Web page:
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Project Co-ordinator:

Prof. Leszek Kaczmarek
http://neurogene.nencki.gov.pl
l.kaczmarek@nencki.gov.pl
Nencki Institute
Warsaw, POLAND

 

Project Manager:

Ms. Marta Rucinska
m.rucinska@nencki.gov.pl
Nencki Institute
Warsaw, POLAND

 

Recruitment Co-ordinator

Prof. Alexander Dityatev
alexander.dityatev@dzne.de
Deutsches Zentrum fur
Neurodegenerative Erkrankungen
Magdeburg, GERMANY

 

Training Co-ordinator

Prof. Robert Pawlak
R.Pawlak@exeter.ac.uk
University of Exeter Medical School
Exeter, UK

ESR6:    PAR-1 "ECM signalosome" and fear/anxiety (lead: UNEXE, partners: ENS, MPG, SVIDA)

Alberto Labrador-Ramos     

a.labrador-ramos@exeter.ac.uk

alberto_labrador.jpg

 

 

 

 

 

 

 

 

This PhD fellowship is available at the University of Exeter and will be supervised by Professor Robert Pawlak (www.pawlaklab.com). The project aims to determine the role of protease-activated receptor-1 (PAR-1) signalosome in the development of fear and anxiety in mice.

Mental disorders are the leading cause of disability and constitute 13% of the global disease cost. One-third of this burden is attributed to anxiety disorders and depression. Available cures are ineffective and current research strategies need re-focusing. A major obstacle to progress arises from the fact that conventional laboratory approaches provide only static snapshots of cellular dynamics and are insufficient to pinpoint the critical molecular elements of the disease.

Over the last ten years the Pawlak laboratory have provided evidence that extracellular proteases (tissue-plasminogen activator and neuropsin) and their receptors (protease-activated receptors or PARs) are critical for the development of stress-induced anxiety and fear (see references below). PAR-1 belongs to the family of G protein coupled receptors (GPCRs) and have one extraordinary feature: it mediates contrasting neuronal responses depending on the emotional status of an animal by a dynamic shift between distinct G protein coupling partners. Thus, PAR-1 is uniquely posed to regulate neuronal activity in experience-dependent manner (Figure 1). Our finding established experience-specific switch in GPCR/G protein-coupling in the amygdala as a novel mechanism regulating neuronal excitability and fear.

This PhD project will employ a combination of molecular biological, proteomic and behavioural approaches in mice to identify, characterize and manipulate dynamic molecular interactions of PAR-1, critical for the development of mood disorders.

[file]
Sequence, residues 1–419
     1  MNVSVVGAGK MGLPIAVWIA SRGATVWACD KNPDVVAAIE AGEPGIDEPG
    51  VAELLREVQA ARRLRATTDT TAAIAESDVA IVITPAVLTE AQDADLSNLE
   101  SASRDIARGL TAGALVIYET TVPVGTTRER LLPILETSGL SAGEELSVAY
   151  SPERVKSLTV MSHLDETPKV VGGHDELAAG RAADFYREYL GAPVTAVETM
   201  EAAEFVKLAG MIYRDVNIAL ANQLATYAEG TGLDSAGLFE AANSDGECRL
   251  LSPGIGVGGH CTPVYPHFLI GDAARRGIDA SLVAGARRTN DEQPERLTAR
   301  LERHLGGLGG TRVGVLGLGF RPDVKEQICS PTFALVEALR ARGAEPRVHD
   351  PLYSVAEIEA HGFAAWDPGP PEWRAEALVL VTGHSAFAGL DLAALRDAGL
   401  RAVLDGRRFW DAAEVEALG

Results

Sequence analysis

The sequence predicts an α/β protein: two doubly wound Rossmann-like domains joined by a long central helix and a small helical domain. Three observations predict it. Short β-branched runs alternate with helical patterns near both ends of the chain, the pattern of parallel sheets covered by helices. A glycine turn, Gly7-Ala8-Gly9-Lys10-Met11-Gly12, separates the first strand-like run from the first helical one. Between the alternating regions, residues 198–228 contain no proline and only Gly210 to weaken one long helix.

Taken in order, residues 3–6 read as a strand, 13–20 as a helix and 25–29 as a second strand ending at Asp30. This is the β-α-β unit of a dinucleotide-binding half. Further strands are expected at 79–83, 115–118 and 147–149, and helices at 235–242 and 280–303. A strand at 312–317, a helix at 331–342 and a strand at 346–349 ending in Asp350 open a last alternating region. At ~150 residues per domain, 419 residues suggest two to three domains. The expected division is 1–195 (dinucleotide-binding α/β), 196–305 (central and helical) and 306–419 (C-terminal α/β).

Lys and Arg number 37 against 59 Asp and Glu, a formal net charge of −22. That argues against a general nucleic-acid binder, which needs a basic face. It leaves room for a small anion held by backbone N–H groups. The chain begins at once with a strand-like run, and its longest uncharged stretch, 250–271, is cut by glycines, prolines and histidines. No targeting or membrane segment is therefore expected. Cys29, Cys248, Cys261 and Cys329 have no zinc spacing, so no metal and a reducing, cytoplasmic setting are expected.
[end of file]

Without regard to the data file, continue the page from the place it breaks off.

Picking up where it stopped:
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Using genetically modified (TAP-tagged) PAR-1 combined with pull-down methods and mass spectrometry, the student will determine PAR-1  signalosome and its contribution to anxiety/fear-induced PAR-1 signalling. Changes in PAR-1 signalosome will be examined using either native amygdala tissue or primary amygdalar neurons. Finally, the student will genetically prevent critical PAR-1 protein-protein interactions to manipulate fear/anxiety in mice.

For more information about research in the group, please see our website (www.pawlaklab.com) and the below articles:

  • Bourgognon J-M, Schiavon E, Salah-Uddin H, Skrzypiec AE, Attwood B, Shah RS, Mucha M, Challiss RAJ, Forsythe ID, Pawlak R. Regulation of Neuronal Plasticity and Fear by a Dynamic Change in PAR1 - G Protein Coupling in the Amygdala. Molecular Psychiatry 2013;18(10):1136-45.
  • Mucha M, Skrzypiec AE, Schiavon E, Attwood BK, Kucerova E, Pawlak R. Lipocalin-2 controls neuronal excitability and anxiety by regulating dendritic spine formation and maturation. PNAS 2011, 108(45):18436-41.
  • Attwood B, Bourgognon J-M, Patel S, Mucha M, Schiavon E, Skrzypiec AE, Young KW, Shiosaka S, Korostynski M, Piechota M, Przewlocki R, UPawlak RU. Neuropsin cleaves EphB2 in the amygdala to control anxiety. Nature 2011, 473(7347):372-5.
  • Poulin B, Butcher A, McWilliams P, Bourgognon JM, UPawlak RU, Kong KC, Bottrill A, Mistry S, Wess J, Rosethorne EM, Charlton SJ, Tobin AB. The M3-muscarinic receptor regulates learning and memory in a receptor phosphorylation/arrestin-dependent manner. PNAS 2010, 107(20):9440-9445.

The University of Exeter (www.exeter.ac.uk) combines world class research with excellent student satisfaction at its campuses in Exeter and Cornwall. It is a member of the Russell Group of leading research-intensive universities. Exeter was voted the Sunday Times University of the Year 2012/13 & is ranked amongst the UK’s top 10 universities in the Higher Education league tables produced by the Times, the Guardian and the Sunday Times. Research at the University of Exeter Medical School is characterised by excellence. In each of our thematic areas, we seek to carry out research across the entire spectrum from basic biomedical research through mechanistic studies to patient-centred research.